Currently viewing the category: "BIRDS"
What's That Bug? does not endorse extermination

Subject:  Spider’s Nest??
Location:  Mount Washington, Los Angeles, California
May 7, 2015 11:16 PM
Hello Daniel,
I need your help to identify a scary nest in my garden.  It is dangling from a trailing geranium that hangs from the rear deck.  Perfect ventilation!  At first, I thought it might become a small bird’s nest but it has not evolved for over a week.  I was bitten by a spider three weeks ago, in our bedroom (its was inside of my p j pants!)  As a result, I was on antibiotics and it took over two weeks to heal.
Then a while later, Gerard killed a small spider in the bedroom.  I kept the body and will show it to you when I see you next week.
Anyway, tell me what I am “nurturing” in my geranium!
Have a good night,
Monique

Hummingbird Nest

Hummingbird Nest

Good Morning Monique,
Your confusion is understandable.  Hummingbirds use spider’s webs to construct their tiny nests.  Perhaps this nest was abandoned, or perhaps the young Hummingbirds have already left the nest, or perhaps the eggs have not yet been laid.  Several years ago a Hummingbird built a nest in our large carob overhanging the street causing us to postpone tree trimming, but alas, the nest was abandoned.

Julian Donahue comments
And the BioSCAN person who picked up our Malaise trap samples last week spotted a similar nest on our cup of gold vine (Solandra maxima) overhanging the driveway–first hummingbird nest I’ve seen on our property. Probably an Allen’s Hummingbird, now our more common species.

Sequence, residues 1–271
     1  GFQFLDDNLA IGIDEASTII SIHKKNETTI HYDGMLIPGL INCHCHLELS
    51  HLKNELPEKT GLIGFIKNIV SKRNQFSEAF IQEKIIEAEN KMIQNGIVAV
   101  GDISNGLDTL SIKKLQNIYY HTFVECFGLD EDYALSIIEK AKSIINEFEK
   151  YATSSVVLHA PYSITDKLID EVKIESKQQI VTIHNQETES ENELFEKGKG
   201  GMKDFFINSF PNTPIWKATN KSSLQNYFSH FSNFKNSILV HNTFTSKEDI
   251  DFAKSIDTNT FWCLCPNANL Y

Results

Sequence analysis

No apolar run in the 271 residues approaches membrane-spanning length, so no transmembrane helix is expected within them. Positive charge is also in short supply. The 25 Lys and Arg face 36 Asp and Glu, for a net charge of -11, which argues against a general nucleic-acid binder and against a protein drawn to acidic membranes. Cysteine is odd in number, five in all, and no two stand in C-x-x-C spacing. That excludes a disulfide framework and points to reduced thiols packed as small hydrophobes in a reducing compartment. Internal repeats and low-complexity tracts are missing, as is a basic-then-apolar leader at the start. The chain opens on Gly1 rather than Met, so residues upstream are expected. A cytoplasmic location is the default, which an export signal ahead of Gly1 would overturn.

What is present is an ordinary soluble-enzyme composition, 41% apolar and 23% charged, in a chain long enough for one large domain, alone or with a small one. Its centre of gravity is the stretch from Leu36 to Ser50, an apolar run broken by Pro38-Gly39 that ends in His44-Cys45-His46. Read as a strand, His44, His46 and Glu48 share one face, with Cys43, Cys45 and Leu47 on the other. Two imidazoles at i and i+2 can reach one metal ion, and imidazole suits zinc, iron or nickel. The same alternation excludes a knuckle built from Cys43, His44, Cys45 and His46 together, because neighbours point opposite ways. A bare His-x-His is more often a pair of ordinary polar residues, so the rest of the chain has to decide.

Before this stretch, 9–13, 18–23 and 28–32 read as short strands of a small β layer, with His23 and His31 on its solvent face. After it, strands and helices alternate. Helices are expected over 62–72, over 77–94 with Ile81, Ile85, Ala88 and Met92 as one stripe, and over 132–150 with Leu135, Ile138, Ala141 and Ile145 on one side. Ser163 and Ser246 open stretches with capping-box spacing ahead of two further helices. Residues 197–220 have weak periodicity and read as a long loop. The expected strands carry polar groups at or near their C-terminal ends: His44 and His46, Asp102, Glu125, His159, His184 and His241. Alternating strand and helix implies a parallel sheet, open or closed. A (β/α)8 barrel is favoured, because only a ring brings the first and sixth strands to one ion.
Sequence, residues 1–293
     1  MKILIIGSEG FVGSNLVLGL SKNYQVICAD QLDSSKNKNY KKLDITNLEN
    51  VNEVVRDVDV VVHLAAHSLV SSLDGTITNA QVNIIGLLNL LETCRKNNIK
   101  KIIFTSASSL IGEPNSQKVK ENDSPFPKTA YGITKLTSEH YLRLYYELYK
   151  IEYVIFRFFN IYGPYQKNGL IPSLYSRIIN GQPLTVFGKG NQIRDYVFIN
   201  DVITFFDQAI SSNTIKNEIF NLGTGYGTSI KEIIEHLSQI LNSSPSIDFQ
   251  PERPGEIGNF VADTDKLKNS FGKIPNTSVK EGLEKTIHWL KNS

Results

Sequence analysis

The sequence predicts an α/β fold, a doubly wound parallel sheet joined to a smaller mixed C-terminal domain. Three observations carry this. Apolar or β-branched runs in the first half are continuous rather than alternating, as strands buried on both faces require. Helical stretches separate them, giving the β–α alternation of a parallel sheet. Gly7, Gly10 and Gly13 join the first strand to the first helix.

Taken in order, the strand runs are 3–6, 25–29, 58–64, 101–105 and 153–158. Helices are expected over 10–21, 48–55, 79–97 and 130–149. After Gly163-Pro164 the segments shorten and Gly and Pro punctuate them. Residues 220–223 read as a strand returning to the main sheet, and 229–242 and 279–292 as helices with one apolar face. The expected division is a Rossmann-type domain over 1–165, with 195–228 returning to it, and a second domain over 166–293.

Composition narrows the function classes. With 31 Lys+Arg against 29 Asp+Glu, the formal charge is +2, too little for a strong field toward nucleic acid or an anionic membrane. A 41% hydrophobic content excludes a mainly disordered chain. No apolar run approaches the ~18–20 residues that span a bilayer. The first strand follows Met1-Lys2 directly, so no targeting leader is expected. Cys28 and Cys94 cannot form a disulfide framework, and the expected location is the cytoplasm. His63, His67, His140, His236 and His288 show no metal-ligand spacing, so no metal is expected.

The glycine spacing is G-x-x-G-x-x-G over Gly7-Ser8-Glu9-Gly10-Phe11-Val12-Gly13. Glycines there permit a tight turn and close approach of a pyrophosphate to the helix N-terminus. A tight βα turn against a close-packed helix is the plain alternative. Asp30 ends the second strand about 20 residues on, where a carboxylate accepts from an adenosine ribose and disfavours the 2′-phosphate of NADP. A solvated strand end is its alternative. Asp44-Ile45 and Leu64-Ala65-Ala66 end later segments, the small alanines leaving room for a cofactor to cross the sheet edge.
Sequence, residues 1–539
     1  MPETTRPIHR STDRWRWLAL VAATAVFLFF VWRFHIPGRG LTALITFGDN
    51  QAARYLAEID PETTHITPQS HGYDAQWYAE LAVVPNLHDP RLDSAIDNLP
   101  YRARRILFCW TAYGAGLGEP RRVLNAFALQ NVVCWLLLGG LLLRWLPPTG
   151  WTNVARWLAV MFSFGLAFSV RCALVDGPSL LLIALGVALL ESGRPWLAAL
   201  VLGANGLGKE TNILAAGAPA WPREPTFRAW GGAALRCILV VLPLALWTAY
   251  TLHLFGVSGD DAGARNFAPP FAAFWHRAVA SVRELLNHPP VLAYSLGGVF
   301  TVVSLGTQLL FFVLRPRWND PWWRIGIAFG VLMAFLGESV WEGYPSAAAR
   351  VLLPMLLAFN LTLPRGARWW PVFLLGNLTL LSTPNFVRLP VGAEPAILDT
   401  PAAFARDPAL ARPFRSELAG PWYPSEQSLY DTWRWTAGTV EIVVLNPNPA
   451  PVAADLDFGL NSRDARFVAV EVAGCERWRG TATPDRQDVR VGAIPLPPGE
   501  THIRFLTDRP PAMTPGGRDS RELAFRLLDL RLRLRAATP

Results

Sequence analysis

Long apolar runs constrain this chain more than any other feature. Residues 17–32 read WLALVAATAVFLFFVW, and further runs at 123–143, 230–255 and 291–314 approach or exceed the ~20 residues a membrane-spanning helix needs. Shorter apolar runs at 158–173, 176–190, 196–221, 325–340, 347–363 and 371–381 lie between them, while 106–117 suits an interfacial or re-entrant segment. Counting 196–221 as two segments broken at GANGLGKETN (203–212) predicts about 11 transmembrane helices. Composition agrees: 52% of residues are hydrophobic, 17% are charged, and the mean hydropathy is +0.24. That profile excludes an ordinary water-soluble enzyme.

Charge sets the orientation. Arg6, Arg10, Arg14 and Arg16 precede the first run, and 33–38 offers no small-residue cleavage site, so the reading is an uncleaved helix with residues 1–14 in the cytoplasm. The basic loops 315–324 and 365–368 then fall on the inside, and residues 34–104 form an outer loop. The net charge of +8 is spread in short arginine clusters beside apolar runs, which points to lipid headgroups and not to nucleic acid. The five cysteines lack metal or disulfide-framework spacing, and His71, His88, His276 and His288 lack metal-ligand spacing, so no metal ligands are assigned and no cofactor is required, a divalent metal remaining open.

Did a little checking and learned some new stuff about this bird: nesting season is October – May or June, and a single female may lay four or five clutches of eggs (two eggs per clutch) in a single season, often using the same nest over again. Like most moms, she does all the work.
These factoids and many others at: http://phoebeallens.com/facts.html
Julian

Mt. Washington Homeowners Alliance, Sarah Pruitt, Lisa Hoffman, Kathy Lynn Douglass, Laura Lindler, Katie Pasulka Casas, Lori Ledeboer, Alisha Bragg, Christina Sargent, Lesa Joel DeCuir, Sue Dougherty, Megan Rivera-Franceschi, Kristi E. Lambert, Jessica M. Schemm, Mary Lemmink Lawrence, Bonnie Cunningham liked this post
What's That Bug? does not endorse extermination

Subject: What is this Western Bluebird eating?
Location: 40º18’14,10″N, 121º52’22.43″W
December 29, 2014 1:16 pm
Dear Bugpersons,
I photographed a Western Bluebird as it foraged with conspecifics in a huge oak woodland in Northern California at 783 meters elevation. It carried a larvalike thing onto the road surface and proceeded to whack it to death! The attached photo shows the unfortunate prey object pre-whacking. What bug is that?
Many thanks.
Signature: Sylvia

Western Bluebird eats Cutworm

Western Bluebird eats Cutworm

Hi Sylvia,
Thanks for submitting your excellent Food Chain image.  Our good friend lepidopterist always says that insects, including the caterpillars of butterflies and moths, exist to feed birds.  This caterpillar appears to be a Cutworm in the subfamily which you can find represented on BugGuide, possibly a Winter Cutworm.

Subject: Western Bluebird
December 30, 2014 12:34 am
Thank you for your speedy reply! Winter Cutworm looks correct. Here’s an edited photo that shows a little more detail of the caterpillar. Rather disheartening to learn that this introduced species is so widespread, but I doubt that the Bluebirds mind.
Signature: Sylvia

Western Bluebird eats Cutworm

Western Bluebird eats Cutworm

Thanks for the update Sylvia.  The nice thing about some introduced species is that they do provide food for native species.

Andrea Leonard Drummond liked this post
What's That Bug? does not endorse extermination

Subject: Need ID of Insect ASAP